In this story about the Canaanite woman, we read of another moment when Jesus changed his mind. But did Jesus make a mistake?

Well, it seems so, and he certainly changed his mind because when this woman would not relent and said to him, “Yet even the dogs eat the crumbs that fall from the master’s table.” Jesus answered her, “Woman, great is your faith.” In that moment, his love for her was deepened by the fact that her love transcended all of the barriers that would have held her at bay. His disciples underestimated her, Jesus underestimated her. She was not just a Canaanite, and she was not only a woman trying to have her voice heard; she was something else. She was a mother. She was not coming to Jesus asking for something for herself but for the child she loved. The depth of that love would not be denied. Certainly, not by Jesus.

Over the years, preachers have tried to clean up this story: Jesus was testing this woman to see if she had enough faith. When she passed the test, Jesus said, “Woman, great is your faith! Let it be done for you as you wish.” That verse has caused plenty of pain because some people have heard Jesus saying, “If you had more faith your …” fill in the blank for whatever loss, heartache or disappointment you can imagine. But the woman in this story doesn’t make any confession of faith.

How about this for another clean up attempt: Because this woman submits to Jesus and kneels before him, Jesus heals her daughter. “Go and do likewise. Amen” is how the preacher would wrap up that message.

It is understandable to want to try and clean up this story, hold to our assumptions and pretend that Jesus was always kind, compassionate and loving; Jesus would never say such a thing. He didn’t give in to cultural expectations. I believe if we tried to clean up this story, we would be making a serious mistake.

Sometimes we will do almost anything to make Jesus who we want him to be.

But Matthew doesn’t clean up this story. Matthew dares to give us a very human Jesus and he paints a specific picture of this woman.

This story needs to stand on its own as strange and bizarre as it is. It must confront us to say that Jesus lived as part of a culture and was acting in a very human way dismissing this woman, because she was a foreigner, because she was female, and because she was pushy. Three strikes.

But here three strikes didn’t result in the woman losing out. Three strikes and she was in. Jesus was converted that day to a larger vision of the society of God. He saw and heard a fuller revelation of God in the face and voice of the Canaanite woman.

At the end of Matthew 15 there is another mass feeding story like the feeding of the 5000 which appears in chapter 14. This time 4000 men are fed — besides women and children — and there were leftovers. Matthew has intentionally placed the story of Jesus and the Canaanite woman between the two mass feeding stories. The Canaanite woman taught Jesus that she and her daughter deserve more than crumbs. After this encounter Jesus went on to feed those who had not yet been fed.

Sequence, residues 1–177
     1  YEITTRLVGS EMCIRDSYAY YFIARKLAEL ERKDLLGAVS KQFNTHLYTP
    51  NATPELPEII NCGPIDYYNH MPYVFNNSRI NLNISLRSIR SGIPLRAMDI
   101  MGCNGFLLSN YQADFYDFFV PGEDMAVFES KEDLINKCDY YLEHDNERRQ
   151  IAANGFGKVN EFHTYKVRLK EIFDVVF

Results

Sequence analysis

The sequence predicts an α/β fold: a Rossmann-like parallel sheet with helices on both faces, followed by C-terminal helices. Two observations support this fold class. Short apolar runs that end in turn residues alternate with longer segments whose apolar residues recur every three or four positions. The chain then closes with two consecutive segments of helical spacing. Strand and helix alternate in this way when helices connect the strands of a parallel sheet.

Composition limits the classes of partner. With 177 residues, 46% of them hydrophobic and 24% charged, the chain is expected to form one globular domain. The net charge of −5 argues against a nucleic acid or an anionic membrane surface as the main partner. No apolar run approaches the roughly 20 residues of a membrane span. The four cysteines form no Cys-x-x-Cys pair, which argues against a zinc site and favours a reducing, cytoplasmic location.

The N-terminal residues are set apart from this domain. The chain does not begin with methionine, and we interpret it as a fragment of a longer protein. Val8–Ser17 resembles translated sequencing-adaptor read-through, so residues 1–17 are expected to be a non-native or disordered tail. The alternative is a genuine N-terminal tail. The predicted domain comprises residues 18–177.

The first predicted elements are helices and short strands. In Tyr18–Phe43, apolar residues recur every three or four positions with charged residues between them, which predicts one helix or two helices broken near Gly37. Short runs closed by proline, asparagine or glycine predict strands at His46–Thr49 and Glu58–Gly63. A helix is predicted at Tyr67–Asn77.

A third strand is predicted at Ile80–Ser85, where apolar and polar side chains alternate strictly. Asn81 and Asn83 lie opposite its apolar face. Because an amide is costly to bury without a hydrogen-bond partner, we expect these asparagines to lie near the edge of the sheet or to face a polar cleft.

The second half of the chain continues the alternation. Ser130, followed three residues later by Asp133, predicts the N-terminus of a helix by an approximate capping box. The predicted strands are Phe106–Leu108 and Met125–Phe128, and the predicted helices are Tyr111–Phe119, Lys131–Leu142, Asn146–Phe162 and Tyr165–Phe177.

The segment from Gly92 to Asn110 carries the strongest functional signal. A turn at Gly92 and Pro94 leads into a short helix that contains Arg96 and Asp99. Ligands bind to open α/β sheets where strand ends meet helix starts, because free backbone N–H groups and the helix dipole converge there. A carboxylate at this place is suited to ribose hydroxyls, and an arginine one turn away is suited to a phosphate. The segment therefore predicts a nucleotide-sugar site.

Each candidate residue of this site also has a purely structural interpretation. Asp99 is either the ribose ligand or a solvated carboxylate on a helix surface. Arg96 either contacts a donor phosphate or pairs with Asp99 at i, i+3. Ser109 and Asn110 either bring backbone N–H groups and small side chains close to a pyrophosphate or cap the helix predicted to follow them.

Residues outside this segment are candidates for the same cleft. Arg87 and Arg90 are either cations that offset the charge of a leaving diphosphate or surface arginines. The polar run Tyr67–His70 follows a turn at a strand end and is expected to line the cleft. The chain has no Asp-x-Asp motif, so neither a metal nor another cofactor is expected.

If Jesus could be changed, can we? Every generation sees some people as “other” and puts them under the table. We could make an extensive list of people we see as different — different race, different customs, different religion.

The echo of this story for the lives of women around the world should haunt us at this moment. How many women continue to be denied their opportunity to serve in the capacities for which they are gifted and prepared simply by the outcome of their birth and gender? How many women in the world are denied educations, freedom of movement and careers by powerful men and oppressive religious rules? How many women in the world, even today, are dismissed for simply being strident when, in fact, they are voices for justice?

There’s a message, I believe, in this simple, profound, bizarre, deep story that we should reflect on today. It is a message that says women do have a place in spiritual leadership; that says women have that place no matter what culture or color or background they may come from; that says that their voices must be heard because they speak a word of convicting love so profound and so deep that it can change the mind of God.

Images: slate.com/articles/sports/sports_nut/2014/10/baseball_s_strike_zone_is_getting_bigger_every_year_will_someone_shrink.html

Spirit of Grace Church, Hood River, Oregon.

pbs.org/newshour/world/u-n-says-afghanistan-is-worlds-most-repressive-country-for-women.

Kurt Jacobson

Author of “Living Hope” & “Welcoming Grace.” Lutheran preacher (retired) but still writing to inspire and aim for a world of mercy, love and respect.